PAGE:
We also don’t really know what effect many pesticides have on humans.

Studies generally test their effects on rats or mice under laboratory conditions, and look at large-scale outcomes such as deaths, cancer levels, or obvious effects on organs. Large-scale studies in people suggest that some pesticides do increase the risk of a few types of cancers, notably a type called non-Hodgkin’s lymphoma. However, very few studies have examined this in enough detail to provide definitive answers.

One area that is extremely understudied is the effects of various chemicals on the gut microbiome. One study that looked at this found that large numbers of people had some level of residue from organophosphates (found in many pesticides and herbicides) in their blood and urine. Those with higher levels showed more changes in their gut microbiome, meaning that these chemicals could be affecting your gut microbes.

Our page on the gut microbiome explains more about the importance of this.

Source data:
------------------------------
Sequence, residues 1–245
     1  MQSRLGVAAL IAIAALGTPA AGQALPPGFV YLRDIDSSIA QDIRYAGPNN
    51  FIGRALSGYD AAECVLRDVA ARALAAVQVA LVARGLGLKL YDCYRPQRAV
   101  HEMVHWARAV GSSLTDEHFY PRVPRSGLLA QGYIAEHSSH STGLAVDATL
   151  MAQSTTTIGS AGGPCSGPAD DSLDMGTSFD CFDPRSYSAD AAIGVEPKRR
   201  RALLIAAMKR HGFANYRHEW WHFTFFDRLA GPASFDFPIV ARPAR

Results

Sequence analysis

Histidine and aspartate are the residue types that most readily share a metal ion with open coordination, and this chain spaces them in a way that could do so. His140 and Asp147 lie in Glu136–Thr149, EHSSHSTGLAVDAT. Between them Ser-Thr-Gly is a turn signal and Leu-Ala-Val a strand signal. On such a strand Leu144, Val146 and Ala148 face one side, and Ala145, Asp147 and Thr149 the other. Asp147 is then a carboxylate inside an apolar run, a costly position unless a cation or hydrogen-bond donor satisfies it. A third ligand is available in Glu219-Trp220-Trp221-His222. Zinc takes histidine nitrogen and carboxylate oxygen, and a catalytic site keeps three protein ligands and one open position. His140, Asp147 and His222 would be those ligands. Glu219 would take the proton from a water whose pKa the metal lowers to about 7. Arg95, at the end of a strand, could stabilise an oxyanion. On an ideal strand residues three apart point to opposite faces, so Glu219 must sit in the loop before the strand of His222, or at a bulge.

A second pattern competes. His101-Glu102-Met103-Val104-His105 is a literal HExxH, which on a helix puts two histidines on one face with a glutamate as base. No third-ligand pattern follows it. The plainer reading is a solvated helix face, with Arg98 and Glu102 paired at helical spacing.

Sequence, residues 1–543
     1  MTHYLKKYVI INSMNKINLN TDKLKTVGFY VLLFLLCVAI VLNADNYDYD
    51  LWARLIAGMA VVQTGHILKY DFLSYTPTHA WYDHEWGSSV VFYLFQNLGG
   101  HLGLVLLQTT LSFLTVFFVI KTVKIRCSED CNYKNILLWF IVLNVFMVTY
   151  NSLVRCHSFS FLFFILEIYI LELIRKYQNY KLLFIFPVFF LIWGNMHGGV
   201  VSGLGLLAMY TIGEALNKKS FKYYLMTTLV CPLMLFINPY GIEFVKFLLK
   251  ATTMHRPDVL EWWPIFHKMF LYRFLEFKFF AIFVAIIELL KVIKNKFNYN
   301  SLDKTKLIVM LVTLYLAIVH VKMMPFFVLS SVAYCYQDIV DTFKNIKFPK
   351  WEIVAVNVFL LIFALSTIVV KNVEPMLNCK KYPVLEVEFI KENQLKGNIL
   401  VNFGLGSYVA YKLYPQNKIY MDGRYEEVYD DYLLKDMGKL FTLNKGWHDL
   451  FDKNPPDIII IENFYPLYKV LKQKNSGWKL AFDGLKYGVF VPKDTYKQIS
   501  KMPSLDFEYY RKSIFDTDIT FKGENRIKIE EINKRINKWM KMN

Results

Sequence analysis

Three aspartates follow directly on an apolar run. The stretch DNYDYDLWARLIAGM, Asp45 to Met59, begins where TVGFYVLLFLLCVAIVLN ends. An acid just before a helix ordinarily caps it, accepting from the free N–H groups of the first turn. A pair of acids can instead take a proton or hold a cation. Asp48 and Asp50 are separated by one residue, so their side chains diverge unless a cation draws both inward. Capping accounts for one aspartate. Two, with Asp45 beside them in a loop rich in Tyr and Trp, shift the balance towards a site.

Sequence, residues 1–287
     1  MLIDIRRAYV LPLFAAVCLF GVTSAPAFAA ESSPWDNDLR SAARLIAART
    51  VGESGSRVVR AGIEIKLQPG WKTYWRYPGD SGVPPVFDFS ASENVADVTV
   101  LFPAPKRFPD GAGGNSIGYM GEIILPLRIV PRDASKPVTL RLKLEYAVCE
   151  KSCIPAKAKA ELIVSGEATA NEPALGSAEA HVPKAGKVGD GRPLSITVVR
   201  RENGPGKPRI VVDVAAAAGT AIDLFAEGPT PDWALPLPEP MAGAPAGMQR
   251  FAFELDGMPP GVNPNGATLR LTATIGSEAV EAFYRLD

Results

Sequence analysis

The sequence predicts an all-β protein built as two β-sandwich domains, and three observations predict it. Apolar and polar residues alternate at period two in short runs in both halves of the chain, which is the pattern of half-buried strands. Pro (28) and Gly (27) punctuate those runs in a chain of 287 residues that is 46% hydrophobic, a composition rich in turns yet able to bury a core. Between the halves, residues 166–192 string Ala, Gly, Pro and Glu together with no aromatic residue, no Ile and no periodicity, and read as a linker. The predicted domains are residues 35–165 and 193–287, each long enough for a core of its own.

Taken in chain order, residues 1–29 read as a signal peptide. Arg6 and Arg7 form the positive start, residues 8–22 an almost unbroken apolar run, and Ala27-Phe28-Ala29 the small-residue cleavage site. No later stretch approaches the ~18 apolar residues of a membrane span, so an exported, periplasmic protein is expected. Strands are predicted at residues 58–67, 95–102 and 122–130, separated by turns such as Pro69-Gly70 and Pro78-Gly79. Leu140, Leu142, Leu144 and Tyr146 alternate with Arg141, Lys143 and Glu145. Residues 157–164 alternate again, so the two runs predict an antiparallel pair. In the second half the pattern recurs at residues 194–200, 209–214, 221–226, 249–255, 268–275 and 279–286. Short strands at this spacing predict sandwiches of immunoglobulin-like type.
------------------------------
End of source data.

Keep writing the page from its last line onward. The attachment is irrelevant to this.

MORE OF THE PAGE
There is therefore an argument in favour of eating organic produce wherever possible, as a way to improve your health.

However, if you can’t afford organic food, you certainly shouldn’t stop eating fruit and vegetables.

Eating more fresh fruit and vegetables decreases the risk of heart disease, obesity, and a range of other conditions by significantly more than eating non-organic foods increases your risk of developing a (very rare) form of cancer.

On balance, you will do more good than harm by eating more fruit and vegetables. However, if you can afford organic food, you will reduce your risk even more.

Organic food may also be better for you because it contains more nutrients.

It is possible that something about using more chemicals reduces the nutritional value of food.

Fruit and vegetables produced organically contain more polyphenols, which are anti-inflammatory molecules that are very good for the body. These are chemicals that plants themselves produce to defend themselves from insect pests. When plants are protected artificially through the use of pesticides, they do not need to produce these chemicals, and so the levels are lower. Organically produced vegetables also contain slightly higher levels of beneficial minerals (and you can find out more about these in our page on Dietary Minerals).

Organic Foods to Prioritise

On balance, therefore, organic foods are likely to be better for both you and the environment. Are they worth the price?